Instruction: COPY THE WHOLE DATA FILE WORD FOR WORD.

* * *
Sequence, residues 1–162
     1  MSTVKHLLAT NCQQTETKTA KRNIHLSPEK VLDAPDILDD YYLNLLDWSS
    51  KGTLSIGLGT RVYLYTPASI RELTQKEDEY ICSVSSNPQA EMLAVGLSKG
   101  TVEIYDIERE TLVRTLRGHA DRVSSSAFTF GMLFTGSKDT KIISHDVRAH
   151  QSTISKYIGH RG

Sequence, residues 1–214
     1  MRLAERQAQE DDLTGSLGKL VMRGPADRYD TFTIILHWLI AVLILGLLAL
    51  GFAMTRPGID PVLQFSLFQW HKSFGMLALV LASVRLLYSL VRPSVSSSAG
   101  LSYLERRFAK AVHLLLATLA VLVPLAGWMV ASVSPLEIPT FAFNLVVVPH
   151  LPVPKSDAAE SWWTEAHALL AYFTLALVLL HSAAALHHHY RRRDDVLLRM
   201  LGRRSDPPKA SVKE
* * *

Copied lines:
Sequence, residues 1–162
     1  MSTVKHLLAT NCQQTETKTA KRNIHLSPEK VLDAPDILDD YYLNLLDWSS
    51  KGTLSIGLGT RVYLYTPASI RELTQKEDEY ICSVSSNPQA EMLAVGLSKG
   101  TVEIYDIERE TLVRTLRGHA DRVSSSAFTF GMLFTGSKDT KIISHDVRAH
   151  QSTISKYIGH RG

Sequence, residues 1–214
     1  MRLAERQAQE DDLTGSLGKL VMRGPADRYD TFTIILHWLI AVLILGLLAL
    51  GFAMTRPGID PVLQFSLFQW HKSFGMLALV LASVRLLYSL VRPSVSSSAG
   101  LSYLERRFAK AVHLLLATLA VLVPLAGWMV ASVSPLEIPT FAFNLVVVPH
   151  LPVPKSDAAE SWWTEAHALL AYFTLALVLL HSAAALHHHY RRRDDVLLRM
   201  LGRRSDPPKA SVKE